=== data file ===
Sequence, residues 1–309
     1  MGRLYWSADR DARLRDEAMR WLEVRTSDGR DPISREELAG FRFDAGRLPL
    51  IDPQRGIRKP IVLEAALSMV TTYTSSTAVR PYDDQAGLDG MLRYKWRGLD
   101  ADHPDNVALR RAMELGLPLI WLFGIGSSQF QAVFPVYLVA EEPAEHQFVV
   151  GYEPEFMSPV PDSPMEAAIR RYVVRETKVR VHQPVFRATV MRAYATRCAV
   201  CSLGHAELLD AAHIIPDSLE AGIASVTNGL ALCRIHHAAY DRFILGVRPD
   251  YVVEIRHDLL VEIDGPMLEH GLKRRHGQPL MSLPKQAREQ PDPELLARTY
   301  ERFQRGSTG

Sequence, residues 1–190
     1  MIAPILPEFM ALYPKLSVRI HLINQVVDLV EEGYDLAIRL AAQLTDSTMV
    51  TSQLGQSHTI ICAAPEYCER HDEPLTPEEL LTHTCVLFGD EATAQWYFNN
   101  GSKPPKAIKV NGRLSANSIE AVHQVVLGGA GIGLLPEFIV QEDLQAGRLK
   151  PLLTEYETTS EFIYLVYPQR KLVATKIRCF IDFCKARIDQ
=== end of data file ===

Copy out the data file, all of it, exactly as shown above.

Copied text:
Sequence, residues 1–309
     1  MGRLYWSADR DARLRDEAMR WLEVRTSDGR DPISREELAG FRFDAGRLPL
    51  IDPQRGIRKP IVLEAALSMV TTYTSSTAVR PYDDQAGLDG MLRYKWRGLD
   101  ADHPDNVALR RAMELGLPLI WLFGIGSSQF QAVFPVYLVA EEPAEHQFVV
   151  GYEPEFMSPV PDSPMEAAIR RYVVRETKVR VHQPVFRATV MRAYATRCAV
   201  CSLGHAELLD AAHIIPDSLE AGIASVTNGL ALCRIHHAAY DRFILGVRPD
   251  YVVEIRHDLL VEIDGPMLEH GLKRRHGQPL MSLPKQAREQ PDPELLARTY
   301  ERFQRGSTG

Sequence, residues 1–190
     1  MIAPILPEFM ALYPKLSVRI HLINQVVDLV EEGYDLAIRL AAQLTDSTMV
    51  TSQLGQSHTI ICAAPEYCER HDEPLTPEEL LTHTCVLFGD EATAQWYFNN
   101  GSKPPKAIKV NGRLSANSIE AVHQVVLGGA GIGLLPEFIV QEDLQAGRLK
   151  PLLTEYETTS EFIYLVYPQR KLVATKIRCF IDFCKARIDQ